30. Vanos JK, Warland JS, Gillespie TJ, Kenny NA (2010) Review of the physiology of human thermal comfort while exercising in urban landscapes and implications for bioclimatic design. Int J Biometeorol 54(4):319–334.  https://doi.org/10.1007/s00484-010-0301-9 CrossRefGoogle Scholar
  31. Vemado F, Filho AJP (2016) Severe weather caused by heat island and sea breeze effects in the metropolitan area of São Paulo, Brazil. Adv Meteorol 2016:1–13CrossRefGoogle Scholar
  32. World Health Organization (2010) Extreme weather and climate events and public health responses. Meeting report. Bonn, GermanyGoogle Scholar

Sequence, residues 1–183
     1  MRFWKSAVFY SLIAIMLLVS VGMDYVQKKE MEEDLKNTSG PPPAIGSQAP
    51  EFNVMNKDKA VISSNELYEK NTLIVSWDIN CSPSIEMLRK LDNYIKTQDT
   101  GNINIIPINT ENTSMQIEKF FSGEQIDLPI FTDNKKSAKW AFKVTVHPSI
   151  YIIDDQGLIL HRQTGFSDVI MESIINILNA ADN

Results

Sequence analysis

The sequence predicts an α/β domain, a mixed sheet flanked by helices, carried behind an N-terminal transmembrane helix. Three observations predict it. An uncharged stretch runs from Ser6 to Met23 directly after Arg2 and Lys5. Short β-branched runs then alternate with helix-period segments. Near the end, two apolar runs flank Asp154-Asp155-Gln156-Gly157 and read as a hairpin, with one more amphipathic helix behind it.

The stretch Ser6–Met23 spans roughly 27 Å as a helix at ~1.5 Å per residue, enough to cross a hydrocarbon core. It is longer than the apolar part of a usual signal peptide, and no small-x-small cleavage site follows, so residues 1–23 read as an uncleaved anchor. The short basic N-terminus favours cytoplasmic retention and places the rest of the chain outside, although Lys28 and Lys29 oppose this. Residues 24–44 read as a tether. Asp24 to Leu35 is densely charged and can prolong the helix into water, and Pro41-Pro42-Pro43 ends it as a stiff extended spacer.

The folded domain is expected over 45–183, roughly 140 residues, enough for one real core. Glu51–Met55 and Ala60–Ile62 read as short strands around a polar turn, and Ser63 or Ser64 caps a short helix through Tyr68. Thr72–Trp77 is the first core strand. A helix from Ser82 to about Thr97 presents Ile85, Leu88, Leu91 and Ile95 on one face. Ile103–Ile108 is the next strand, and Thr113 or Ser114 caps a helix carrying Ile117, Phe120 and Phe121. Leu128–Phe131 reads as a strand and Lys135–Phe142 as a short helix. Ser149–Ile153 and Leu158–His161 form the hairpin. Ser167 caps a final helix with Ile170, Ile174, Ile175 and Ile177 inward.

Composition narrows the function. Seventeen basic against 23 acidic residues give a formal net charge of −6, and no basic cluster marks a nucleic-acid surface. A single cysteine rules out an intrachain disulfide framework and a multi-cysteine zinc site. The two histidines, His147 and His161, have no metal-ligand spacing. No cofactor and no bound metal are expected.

33. Yan YY, Oliver JE (1996) The clo: a utilitarian unit to measure weather/climate comfort. Int J Climatol 16:1045–1056CrossRefGoogle Scholar
  34. Yeh SW, Cai W, Min S, McPhaden MJ, Dommenget D, Dewitte B, Collins M, Ashok K, An S, Yim B, Kug J (2018) ENSO atmospheric teleconnections and their response to greenhouse gas forcing. Rev Geophys 56:185–206CrossRefGoogle Scholar

Copyright information

© ISB 2018

Authors and Affiliations

  1. 1.Department of PhysicsSão Paulo State University (UNESP), School of SciencesBauruBrazil
  2. 2.Center of Meteorology (IPMet)São Paulo State University (UNESP)BauruBrazil

Personalised recommendations